Arkansas is the perfect place to try out this new health trend. Read all about the what, why, where and how here.
It's become a familiar story: For years there was one brewpub (Vino's), then scant few after River Rock (now Damgoode Pies) and (much later) Diamond Bear came along. Then, almost suddenly, there were many, the most recently opened including Flyway in North Little Rock and Rebel Kettle, which debuted March 25 on Sixth Street, just east of Interstate 30 and one block from Lost Forty.
The question of how many purveyors of locally crafted beer the market will bear will continue to be asked. But based on business the first week at Rebel Kettle, the early answer is that the market isn't saturated. Not even close.
On Friday, April 1, Rebel Kettle was jammed, every seat taken and dozens milling around the bar and the lower patio with its picnic tables and couch/chair seating. While waiting for our table, we were able to squeeze in at the bar to order drinks — an impressive 16 Rebel Kettle brews and four quite-decent wines are on tap — and we soon ran into co-owner Jason Polk, who admitted to being more than a bit frazzled.
Rebel Kettle had been overrun at lunch and now was on a wait for dinner. He'd been on the phone with Ben E. Keith, his foodservice company, and planned to be there Saturday morning for emergency provisions.
A nice touch is complimentary, lightly seasoned popcorn (and Kool-Aid-infused pickles we somehow failed to notice), which we eagerly munched while testing out the C-Street and Alphaholic IPAs and the White Limo golden ale. Most of the beers come in 8- and 12-ounce portions, and oddly the smaller beers cost less per ounce. So far, Rebel Kettle's aren't our favorite local beers, but we settled in on the Alphaholic as one we can stick to, and we applaud the creativity in the number offered and the breadth of styles.
It took our waiter a while to report that the chicken wings we'd ordered wouldn't be coming (thanks, lunch mob), so we moved straight into our three main dishes: the classic cheeseburger ($9.50), grilled Reuben ($9) and Rebel Cobb salad ($9.25). Right out of the chute, Rebel Kettle has one of the better burgers and Reubens in town. The burger is extremely juicy, and the patty is nicely crisped. The accompanying mustard, mayonnaise, (self-applied) ketchup and lettuce/tomato provided the appropriate goo factor, as did the melted Swiss, sauerkraut and remoulade that joined with high-quality pastrami (the close cousin to corned beef) on the Reuben. Each sandwich came with a bag of Zapp's chips.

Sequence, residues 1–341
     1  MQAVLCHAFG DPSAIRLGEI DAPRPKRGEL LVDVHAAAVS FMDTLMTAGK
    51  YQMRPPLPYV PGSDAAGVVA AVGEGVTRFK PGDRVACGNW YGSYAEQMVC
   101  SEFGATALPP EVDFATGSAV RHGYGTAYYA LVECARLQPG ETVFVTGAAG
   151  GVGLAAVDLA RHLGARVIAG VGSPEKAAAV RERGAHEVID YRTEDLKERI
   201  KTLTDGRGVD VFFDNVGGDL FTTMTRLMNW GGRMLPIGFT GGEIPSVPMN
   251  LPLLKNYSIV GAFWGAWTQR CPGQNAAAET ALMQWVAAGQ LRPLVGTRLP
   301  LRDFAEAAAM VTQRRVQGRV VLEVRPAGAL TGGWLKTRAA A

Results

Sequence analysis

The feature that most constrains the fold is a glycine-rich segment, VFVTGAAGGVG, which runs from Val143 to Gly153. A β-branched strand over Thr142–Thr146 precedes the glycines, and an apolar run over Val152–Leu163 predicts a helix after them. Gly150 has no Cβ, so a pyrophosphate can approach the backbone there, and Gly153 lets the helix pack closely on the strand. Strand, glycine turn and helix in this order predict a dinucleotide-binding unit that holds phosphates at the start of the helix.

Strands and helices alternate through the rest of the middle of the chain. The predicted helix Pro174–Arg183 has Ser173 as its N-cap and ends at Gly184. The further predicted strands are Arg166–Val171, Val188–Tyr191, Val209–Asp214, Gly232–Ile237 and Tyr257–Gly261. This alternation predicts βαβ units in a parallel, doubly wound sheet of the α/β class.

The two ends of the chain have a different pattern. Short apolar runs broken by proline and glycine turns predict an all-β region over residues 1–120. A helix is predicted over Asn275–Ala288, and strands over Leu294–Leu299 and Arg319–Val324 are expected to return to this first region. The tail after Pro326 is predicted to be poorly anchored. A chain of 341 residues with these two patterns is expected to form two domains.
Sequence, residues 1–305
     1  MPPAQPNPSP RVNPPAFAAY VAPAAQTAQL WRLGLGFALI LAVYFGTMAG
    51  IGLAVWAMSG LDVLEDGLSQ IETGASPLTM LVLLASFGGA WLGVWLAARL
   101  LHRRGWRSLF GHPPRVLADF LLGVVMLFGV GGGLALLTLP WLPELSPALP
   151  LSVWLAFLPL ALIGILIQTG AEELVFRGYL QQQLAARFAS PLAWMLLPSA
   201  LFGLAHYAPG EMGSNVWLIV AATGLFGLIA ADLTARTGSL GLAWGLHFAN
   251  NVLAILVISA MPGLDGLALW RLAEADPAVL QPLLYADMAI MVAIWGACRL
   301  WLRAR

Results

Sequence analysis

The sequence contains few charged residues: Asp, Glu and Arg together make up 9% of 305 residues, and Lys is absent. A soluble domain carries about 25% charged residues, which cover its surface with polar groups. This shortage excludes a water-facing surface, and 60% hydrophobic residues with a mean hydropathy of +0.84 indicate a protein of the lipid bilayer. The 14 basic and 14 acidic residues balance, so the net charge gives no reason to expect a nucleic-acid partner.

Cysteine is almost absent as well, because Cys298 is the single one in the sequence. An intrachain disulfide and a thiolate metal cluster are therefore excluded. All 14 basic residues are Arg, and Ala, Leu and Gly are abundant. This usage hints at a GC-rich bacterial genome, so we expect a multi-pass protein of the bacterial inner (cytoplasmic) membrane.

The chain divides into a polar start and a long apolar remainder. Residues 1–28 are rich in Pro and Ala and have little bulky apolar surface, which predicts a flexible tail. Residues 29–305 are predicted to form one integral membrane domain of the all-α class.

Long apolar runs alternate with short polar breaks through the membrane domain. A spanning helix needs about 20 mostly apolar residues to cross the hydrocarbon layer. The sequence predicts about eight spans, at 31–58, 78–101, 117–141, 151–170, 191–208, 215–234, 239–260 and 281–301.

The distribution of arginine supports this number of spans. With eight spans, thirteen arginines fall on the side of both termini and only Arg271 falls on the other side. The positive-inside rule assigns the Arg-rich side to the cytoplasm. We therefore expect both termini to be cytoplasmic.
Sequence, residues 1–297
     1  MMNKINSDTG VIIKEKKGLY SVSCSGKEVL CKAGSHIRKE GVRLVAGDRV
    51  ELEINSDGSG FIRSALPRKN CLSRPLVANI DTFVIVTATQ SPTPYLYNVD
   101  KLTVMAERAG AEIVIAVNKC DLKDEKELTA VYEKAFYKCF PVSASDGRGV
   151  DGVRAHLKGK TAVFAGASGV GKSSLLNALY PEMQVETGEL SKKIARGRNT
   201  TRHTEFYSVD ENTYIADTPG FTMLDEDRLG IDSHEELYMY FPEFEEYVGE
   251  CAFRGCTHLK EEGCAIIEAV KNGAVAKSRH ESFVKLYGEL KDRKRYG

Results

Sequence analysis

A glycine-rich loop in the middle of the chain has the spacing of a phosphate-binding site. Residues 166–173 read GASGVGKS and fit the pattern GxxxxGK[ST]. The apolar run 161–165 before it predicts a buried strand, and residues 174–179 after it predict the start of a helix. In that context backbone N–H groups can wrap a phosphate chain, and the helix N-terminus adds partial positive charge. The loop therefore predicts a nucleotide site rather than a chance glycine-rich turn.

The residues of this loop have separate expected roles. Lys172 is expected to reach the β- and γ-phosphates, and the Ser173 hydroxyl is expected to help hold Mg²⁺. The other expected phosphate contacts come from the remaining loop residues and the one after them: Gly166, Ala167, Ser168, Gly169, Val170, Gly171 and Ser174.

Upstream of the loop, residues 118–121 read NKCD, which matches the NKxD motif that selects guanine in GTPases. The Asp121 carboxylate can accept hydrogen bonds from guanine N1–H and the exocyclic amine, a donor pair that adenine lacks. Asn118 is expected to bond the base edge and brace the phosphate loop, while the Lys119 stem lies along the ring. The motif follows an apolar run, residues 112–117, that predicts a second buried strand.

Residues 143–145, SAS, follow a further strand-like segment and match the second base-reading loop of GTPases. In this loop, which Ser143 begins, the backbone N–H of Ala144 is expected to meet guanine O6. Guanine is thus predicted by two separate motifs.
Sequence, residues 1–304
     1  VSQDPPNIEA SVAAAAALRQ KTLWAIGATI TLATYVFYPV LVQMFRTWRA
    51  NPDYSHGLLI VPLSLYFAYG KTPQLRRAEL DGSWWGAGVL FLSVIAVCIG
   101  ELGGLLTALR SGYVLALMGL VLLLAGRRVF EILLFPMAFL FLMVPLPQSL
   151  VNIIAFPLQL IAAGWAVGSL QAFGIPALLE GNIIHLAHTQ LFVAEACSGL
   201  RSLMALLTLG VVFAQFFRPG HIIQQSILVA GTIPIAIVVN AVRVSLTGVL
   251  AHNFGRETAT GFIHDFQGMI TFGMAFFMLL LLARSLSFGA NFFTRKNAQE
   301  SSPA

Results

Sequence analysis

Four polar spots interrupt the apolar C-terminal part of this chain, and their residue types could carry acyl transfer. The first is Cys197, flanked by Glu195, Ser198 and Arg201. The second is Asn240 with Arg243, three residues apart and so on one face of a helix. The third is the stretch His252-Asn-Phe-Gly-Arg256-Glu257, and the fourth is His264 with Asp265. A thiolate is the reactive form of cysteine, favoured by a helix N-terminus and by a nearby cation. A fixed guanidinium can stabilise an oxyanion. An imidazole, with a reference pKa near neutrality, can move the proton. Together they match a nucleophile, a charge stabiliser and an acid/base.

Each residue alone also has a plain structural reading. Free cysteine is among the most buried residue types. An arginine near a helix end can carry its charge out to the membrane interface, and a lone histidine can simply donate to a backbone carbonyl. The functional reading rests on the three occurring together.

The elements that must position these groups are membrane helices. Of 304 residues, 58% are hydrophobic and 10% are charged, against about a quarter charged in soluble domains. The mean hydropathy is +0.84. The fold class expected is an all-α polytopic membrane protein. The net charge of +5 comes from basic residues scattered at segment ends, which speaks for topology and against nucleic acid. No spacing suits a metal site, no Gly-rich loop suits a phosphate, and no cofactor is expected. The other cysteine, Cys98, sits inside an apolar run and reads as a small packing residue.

The Rebel Cobb is a nontraditional take on the classic salad. It features small cubes of andouille sausage and another sausage that seemed like summer sausage (the menu says pastrami, but this wasn't), along with crumbled blue cheese, tomato and a dollop of olive salad from the famed Gambino's in New Orleans. It didn't rate as high as the sandwiches, but it's interesting.
We'd saved room for dessert, but that too was a casualty of the huge crowds, so we returned the next morning about 11:15 to find a smaller crowd that had swelled by noon, along with fresher popcorn, wings and dessert.
The wings actually weren't worth the overnight wait. They were small and while ordered "hot" (the other choices are "Cajun" and "fire) they were bland. Eight wings actually means eight wing pieces (at Gus's Famous Fried Chicken one "wing" means one whole three-jointed wing), and at $8.75 they wouldn't be a good deal even if they were tastier.
The pretzel, however, is a rock star. Those who equate pretzels with Auntie Anne's need to give this bad boy from Arkansas Fresh a try. It's crispy on the outside with fine salt vs. salt chunks applied. Inside it is soft, dense and perfectly chewy. It's $6 with spicy mustard, but pay the extra $1.50 to get a cup of house-made beer cheese — thick, very cheddary, with a bit of red pepper kick.
We were pleased with the shrimp po' boy ($9.50), a 6-inch Gambino's loaf stuffed with six sauteed, medium-sized shrimp, lettuce, tomato and remoulade (we opted out of the onion). It shared that nice goo factor with its mates on the burger/sandwich menu.
There is but one dessert at this point — a $5.50 float made with Yarnell's vanilla ice cream, the Wake 'n' Flake chocolate coconut cream stout, whipped cream, shaved chocolate and toasted coconut. We thought the cream stout worked well with the traditional dessert ingredients, but our non-craft-beer-loving dining mate vehemently disagreed.
Besides some really good bar food, Rebel Kettle also benefits from a good vibe. The three large garage doors that open from the bar to the primary patio were open on a sunny, breezy Saturday. The wood planks in the ceiling are likely original, as clearly is all the exposed brick. It's become a popular stop for the bicycle set and has the feel of a place that's fun and comfortable just to hang out.
On our Friday night, an NBA game was being shown on the three large TVs with no volume; classic rock played over the sound system. On Saturday the TVs alternated between auto racing and soccer, and though only a couple of guys at the bar seemed to be paying attention to the soccer, we all had to listen to the TV commentary. We asked if music was a possibility, but that never happened.
822 E. Sixth St.
Rebel Kettle has five burgers, and a couple of them are quite creative. But if you'd prefer, you can substitute grilled chicken for beef at no cost, and for an extra 75 cents you can get a fried egg on top.
11 a.m. to 10 p.m. Tuesday through Sunday.
All credit cards.